1. Introduction
Sound classification and recognition have been applied in different domains, e.g., speech recognition [
1], music classification [
2], environmental sound recognition, and biometric identification [
3]. Traditionally, in pattern recognition problems, features have been extracted from the actual audio traces (e.g., Statistical Spectrum Descriptor and Rhythm Histogram [
4]). However, by replacing audio traces by their visual representation, image classification techniques can be used to extract features on sound classification problems. The most commonly used visual representation of audio traces involves the display of their frequency spectrum as they vary in time, as in spectrograms [
5] and Melfrequency Cepstral Coefficients spectrograms [
6]. A spectrogram can be described as a graph with two dimensions (time and frequency) plus a third dimension in terms of pixel intensity [
7] that represents the signal amplitude in a specific frequency at a particular time step. Costa et al. [
8,
9] applied several classification and texture analysis techniques to music genre classification using such a method. In [
9], the authors extracted grey level cooccurrence matrices (GLCMs) [
10] from spectrograms, while in [
8] they used the local binary pattern (LBP) [
11], which is a popular texture descriptor. In [
12], two other feature descriptors were extracted from audio images: local phase quantization (LPQ) and Gabor filters [
13]. In 2017, Nanni et al. [
2] demonstrated on multiple audio datasets how the fusion of acoustic features extracted from audio traces using stateoftheart texture descriptors greatly improves the accuracy of acoustic and visual featurebased systems.
When deep learning became popular and Graphic Processing Units (GPUs) became more powerful at accessible costs, traditional pattern recognition changed, and attention focused even more on visual representations of acoustic traces. In the traditional machine learning framework, the optimization of the feature extraction step plays a key role, especially with the evolution of handcrafted features, which minimize the distance between patterns of the same class in the feature space while simultaneously attempting to maximize their distance from the patterns of other classes. Since deep classifiers learn the best features for describing patterns during the training process, these engineered features have diminished in significance, playing in the deep framework more of a supporting role when combined with features extracted from visual representations of acoustic traces that the deep classifiers determine are most informative. Another reason for the growing popularity of representing audio as images is the fact that the convolutional neural network (CNN), one of the most famous deep classifiers, requires images for its input. In their study, Humphrey and Bello [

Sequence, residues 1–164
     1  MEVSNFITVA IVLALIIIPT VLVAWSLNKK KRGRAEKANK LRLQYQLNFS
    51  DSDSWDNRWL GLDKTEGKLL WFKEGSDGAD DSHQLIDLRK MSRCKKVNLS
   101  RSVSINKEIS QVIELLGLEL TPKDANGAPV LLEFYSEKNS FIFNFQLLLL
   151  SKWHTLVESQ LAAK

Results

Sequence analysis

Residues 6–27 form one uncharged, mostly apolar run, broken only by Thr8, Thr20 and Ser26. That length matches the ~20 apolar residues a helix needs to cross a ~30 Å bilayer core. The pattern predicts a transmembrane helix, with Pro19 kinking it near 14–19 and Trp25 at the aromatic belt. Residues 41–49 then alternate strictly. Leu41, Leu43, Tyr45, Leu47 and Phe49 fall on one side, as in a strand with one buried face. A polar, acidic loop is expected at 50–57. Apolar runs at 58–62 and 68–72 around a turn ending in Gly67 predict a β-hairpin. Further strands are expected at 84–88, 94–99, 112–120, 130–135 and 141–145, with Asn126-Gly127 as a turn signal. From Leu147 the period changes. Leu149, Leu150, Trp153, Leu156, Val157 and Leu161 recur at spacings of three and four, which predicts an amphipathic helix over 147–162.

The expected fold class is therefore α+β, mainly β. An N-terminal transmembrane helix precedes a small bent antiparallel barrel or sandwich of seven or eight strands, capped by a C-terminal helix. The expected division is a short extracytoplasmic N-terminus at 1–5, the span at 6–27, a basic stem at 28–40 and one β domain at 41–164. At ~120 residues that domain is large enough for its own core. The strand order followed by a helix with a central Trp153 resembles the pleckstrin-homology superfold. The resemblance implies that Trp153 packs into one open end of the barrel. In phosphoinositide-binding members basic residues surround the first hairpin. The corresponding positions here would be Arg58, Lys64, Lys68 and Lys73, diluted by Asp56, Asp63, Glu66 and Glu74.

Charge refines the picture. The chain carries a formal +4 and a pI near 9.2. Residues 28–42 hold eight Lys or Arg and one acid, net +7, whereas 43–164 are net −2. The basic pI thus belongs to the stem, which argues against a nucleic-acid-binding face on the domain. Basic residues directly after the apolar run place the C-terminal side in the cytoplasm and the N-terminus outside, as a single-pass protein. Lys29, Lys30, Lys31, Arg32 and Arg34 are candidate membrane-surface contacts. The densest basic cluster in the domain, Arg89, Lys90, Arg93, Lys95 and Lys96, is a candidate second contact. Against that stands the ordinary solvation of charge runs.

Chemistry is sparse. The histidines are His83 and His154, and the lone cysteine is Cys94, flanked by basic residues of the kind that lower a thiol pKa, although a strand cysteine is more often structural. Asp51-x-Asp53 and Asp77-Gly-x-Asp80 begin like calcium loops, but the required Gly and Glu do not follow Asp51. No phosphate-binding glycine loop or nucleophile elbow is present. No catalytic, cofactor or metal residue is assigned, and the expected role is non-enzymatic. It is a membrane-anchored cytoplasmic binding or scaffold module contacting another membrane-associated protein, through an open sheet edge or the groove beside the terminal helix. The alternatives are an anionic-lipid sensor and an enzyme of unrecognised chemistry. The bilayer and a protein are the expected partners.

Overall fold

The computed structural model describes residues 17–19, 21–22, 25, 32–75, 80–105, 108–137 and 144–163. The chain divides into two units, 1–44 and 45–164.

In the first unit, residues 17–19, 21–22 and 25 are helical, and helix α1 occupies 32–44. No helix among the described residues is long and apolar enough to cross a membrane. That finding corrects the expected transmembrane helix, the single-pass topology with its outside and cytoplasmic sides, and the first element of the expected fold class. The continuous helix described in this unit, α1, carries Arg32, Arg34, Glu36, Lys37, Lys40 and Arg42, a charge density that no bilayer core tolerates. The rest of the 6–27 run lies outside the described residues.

14,
15] explored CNNs as an alternative approach to music classification problems, establishing the stateoftheart in automatic chord detection and recognition. Nakashika et al. [
16] converted spectrograms into GCLM maps to train CNNs for music genre classification, and Costa et al. [
17] performed better than the stateoftheart on the LMD dataset by fusing canonical approaches, e.g., LMPtrained SVMs with CNNs. Only a few studies, however, have focused on making these processes that were designed for image classification more specific for sound image recognition. In their study, Sigtia and Dixon [
18] focused on adjusting CNN parameters and structures and showed how using Rectified Linear Units (ReLu) instead of stochastic gradient descent with the Hessian Free optimization and sigmoid units reduced training time. Wang et al. [
19] presented an innovative CNN, which they named a
sparse coding CNN, for sound event recognition and retrieval, which, when evaluated under noisy and clean conditions, achieved competitive and sometimes better performance than the majority of other approaches. In Oramas [
20], a hybrid approach was presented that combined diverse modalities (album cover images, reviews, and audio tracks) for multilabel music genre classification by applying deep learning techniques appropriate for each modality, an approach that outperformed the singlemodality methods. Finally, it should be mentioned that many methods in machine learning are also proposed for the human voice classification task: emotion recognition [
21], English accent classification, and gender classification [
22], to name a few.
Because deep classifiers have produced a patent improvement in music classification, researchers have begun to apply deep learning approaches to other sound recognition tasks, such as biodiversity assessment. Precise sound recognition systems can be of crucial importance in assessing and handling environmental threats like animal species loss and climate changes affecting wildlife fauna [
23]. Birds, for instance, have been acknowledged as an indicator species for ecological research, and their monitoring has become increasingly important for biodiversity preservation [
23], especially considering the minimal impact video and audio acquisition has on ecosystems. To date, many datasets are available to develop classifiers to identify and monitor different species, such as birds [
24,
25], whales [
26], frogs [
24], bats [
25], and cats [
27]. For instance, both Cap et al. [
28] and Salamon et al. [
29] have investigated the fusion of CNNs with other methods to classify animals. The former study combined CNNs with handcrafted features to classify marine animals [
30] using the Fish and MBARI benthic animal dataset [
31], while the latter fused deep learning with shallow learning for bird species identification based on 5428 bird flight calls from 43 species. In both cases, the fusion of CNNs with other canonical techniques outperformed the single approaches.
Existing approaches for animal audio classification can roughly be classified into two categories: fingerprinting and CNN approaches. Fingerprinting [